|Non-Invasive measurement of:|
Respiration should be measured by observation only and not by captive methods. Time the rise and fall of the breast region. Keep your distance and minimize noise to ensure accurate observation of the bird’s regular respiration.
Palatability may be tested by offering a range of foods simultaneously and observing bird’s preferences or by comparing volumes of various feeds eaten. Timing the period taken for birds to investigate and begin consuming newly introduced feed types would be appropriate. High sugar feeds or other unsuitable feed types should not be given, nor should the bird be deprived of its regular diet. Ensure that students are aware that foods that are suitable for humans may NOT be appropriate for birds. Chocolate, coffee and avocado are poisonous to birds.
Feathers found in the cage should be used rather than attempting to take feathers from the bird. Feather plucking involves stress.
Caged birds should be able to fly freely. The cutting of feathers or pinioning of wings, unless advised by a veterinarian for therapeutic reasons, must not occur.
|Slaughter/euthanasia of stock||5|
Where an animal has become so sick, diseased or injured that recovery is unlikely or undesirable on humane grounds, euthanasia must be arranged with a local veterinarian.
Students are permitted to watch a post-mortem of an animal provided there is no disease risk posed.
Birds may be sold privately or passed onto appropriate homes. If breeding results in surplus animals, these animals must not be killed as a method of disposal.
Carcasses must be disposed of in accordance with local council regulations.
Teachers who use animals must keep clear and accurate records of:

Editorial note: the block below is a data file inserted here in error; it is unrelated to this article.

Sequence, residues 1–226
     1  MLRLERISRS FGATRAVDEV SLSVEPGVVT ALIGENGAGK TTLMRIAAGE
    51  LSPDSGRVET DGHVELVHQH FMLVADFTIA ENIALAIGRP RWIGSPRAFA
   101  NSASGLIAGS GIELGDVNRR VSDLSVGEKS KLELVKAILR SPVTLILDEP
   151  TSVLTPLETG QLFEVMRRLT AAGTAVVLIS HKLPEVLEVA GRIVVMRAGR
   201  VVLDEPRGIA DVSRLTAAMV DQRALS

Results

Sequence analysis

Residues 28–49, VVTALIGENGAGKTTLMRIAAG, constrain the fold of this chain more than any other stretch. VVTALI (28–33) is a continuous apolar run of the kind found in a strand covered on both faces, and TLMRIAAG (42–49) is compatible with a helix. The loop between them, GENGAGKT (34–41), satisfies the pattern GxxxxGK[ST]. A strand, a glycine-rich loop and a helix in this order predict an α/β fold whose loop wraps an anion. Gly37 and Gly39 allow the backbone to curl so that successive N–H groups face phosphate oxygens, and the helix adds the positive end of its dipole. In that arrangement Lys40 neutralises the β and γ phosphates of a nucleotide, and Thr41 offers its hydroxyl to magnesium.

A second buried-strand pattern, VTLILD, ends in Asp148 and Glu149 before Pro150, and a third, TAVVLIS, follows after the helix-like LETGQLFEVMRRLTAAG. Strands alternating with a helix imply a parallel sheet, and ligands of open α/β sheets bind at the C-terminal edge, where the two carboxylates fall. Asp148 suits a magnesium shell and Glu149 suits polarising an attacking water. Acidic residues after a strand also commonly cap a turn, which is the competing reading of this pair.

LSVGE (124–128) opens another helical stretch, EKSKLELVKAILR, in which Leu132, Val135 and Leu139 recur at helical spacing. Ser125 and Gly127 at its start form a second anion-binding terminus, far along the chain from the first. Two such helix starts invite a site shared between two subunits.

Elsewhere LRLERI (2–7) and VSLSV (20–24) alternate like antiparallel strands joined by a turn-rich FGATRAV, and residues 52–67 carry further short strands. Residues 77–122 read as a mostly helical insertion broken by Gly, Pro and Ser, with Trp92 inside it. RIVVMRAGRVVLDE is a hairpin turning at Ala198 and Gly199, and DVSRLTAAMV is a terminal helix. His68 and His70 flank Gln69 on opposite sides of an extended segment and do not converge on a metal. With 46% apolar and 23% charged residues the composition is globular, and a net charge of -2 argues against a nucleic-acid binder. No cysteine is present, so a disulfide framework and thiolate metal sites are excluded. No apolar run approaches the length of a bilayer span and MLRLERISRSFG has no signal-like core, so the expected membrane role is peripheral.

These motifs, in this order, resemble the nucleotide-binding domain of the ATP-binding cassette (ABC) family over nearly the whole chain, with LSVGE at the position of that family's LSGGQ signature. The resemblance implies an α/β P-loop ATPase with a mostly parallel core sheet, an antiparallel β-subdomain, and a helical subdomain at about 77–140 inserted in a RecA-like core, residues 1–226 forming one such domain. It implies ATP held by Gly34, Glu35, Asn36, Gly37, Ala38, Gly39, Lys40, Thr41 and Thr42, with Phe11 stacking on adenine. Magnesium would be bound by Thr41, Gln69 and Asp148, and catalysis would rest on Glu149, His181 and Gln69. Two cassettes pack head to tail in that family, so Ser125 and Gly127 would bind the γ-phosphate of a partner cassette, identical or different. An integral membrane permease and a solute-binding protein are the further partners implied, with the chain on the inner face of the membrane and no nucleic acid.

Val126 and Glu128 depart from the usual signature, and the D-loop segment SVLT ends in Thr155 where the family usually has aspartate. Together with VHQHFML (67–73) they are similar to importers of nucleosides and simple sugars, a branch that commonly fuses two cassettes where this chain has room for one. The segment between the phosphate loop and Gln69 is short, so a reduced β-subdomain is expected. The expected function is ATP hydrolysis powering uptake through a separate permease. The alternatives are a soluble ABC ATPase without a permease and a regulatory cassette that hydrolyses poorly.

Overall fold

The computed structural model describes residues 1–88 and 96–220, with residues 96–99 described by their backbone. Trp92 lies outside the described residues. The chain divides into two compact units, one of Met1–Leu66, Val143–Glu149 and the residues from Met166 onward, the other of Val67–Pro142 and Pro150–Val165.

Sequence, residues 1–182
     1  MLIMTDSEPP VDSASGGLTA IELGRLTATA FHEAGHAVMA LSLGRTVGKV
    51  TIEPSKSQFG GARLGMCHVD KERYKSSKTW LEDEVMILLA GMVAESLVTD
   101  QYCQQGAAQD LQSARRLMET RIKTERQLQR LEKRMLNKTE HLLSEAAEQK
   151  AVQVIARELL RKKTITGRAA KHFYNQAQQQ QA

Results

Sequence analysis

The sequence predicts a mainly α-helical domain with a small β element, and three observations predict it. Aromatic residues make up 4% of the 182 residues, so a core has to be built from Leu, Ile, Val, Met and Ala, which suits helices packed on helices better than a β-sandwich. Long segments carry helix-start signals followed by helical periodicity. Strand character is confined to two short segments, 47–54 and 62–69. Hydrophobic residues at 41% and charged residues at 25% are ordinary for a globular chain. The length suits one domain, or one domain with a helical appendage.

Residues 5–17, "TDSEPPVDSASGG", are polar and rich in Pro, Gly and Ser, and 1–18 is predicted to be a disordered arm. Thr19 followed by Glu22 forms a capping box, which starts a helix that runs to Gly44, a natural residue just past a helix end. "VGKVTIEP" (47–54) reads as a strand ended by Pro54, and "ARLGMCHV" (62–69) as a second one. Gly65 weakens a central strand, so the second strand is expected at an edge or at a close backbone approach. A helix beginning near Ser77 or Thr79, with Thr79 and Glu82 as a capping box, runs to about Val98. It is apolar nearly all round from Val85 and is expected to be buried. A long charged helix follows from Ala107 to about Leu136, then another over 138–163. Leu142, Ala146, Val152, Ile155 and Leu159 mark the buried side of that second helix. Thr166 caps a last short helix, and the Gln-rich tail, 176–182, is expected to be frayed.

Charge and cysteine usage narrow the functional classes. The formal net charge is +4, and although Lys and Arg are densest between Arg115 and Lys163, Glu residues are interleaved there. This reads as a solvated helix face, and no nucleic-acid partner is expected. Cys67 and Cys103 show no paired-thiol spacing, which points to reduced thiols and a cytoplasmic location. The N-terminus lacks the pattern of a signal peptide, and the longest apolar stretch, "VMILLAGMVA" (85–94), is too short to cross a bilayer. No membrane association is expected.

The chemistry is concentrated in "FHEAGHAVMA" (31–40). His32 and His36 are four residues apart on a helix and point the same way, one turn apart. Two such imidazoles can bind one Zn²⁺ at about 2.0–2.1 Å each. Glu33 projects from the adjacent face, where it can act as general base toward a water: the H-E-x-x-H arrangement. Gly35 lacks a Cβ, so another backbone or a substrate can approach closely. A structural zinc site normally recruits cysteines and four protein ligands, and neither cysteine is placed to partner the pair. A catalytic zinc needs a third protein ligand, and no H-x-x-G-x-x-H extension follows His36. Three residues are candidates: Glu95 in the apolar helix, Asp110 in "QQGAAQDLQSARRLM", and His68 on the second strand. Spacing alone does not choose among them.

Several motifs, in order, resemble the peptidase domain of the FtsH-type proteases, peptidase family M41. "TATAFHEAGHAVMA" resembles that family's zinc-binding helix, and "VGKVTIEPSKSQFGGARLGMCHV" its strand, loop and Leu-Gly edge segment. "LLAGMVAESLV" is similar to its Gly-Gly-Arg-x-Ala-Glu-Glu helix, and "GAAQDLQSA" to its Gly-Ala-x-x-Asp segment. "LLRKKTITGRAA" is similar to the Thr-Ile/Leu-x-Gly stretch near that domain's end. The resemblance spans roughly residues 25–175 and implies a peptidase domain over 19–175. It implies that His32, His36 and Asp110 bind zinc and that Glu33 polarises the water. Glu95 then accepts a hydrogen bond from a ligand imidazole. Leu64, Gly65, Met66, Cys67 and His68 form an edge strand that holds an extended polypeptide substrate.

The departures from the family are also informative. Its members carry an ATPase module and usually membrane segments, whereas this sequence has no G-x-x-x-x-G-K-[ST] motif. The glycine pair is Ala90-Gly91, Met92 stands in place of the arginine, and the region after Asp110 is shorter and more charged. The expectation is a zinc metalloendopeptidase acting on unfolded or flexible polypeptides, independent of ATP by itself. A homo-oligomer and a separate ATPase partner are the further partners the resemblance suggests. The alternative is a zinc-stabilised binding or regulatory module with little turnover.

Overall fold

- The number of birds owned or kept at the school
- Identification of individual animals (by description of markings or photos)
- The dates and sources of acquisition of each bird
- Disposal details and dates for each animal
- Dietary details for birds
- Complete breeding records
- The dates and types of husbandry practices carried out
- The names, dosage and dates of any chemicals administered
- Any accident, illness or injury involving school animals and the veterinary treatment provided (if required)
- Any significant occurrences that adversely affect the welfare of school animals, such as vandalism, outbreak of disease etc.
The type and format of the records maintained will vary from school to school and be dependent on the number of animals kept, number of staff involved in maintaining the records and the layout and location of the rooms used for housing the animals.
The minimum requirement is a daily diary that is accessible to all staff that are involved in the care and use of the animals.
Where there are several staff members involved in the care of animals it is essential that there is a mechanism for each staff member to document notes about the general health status of school animals and that these notes are available to all other staff members who may be involved in animal care.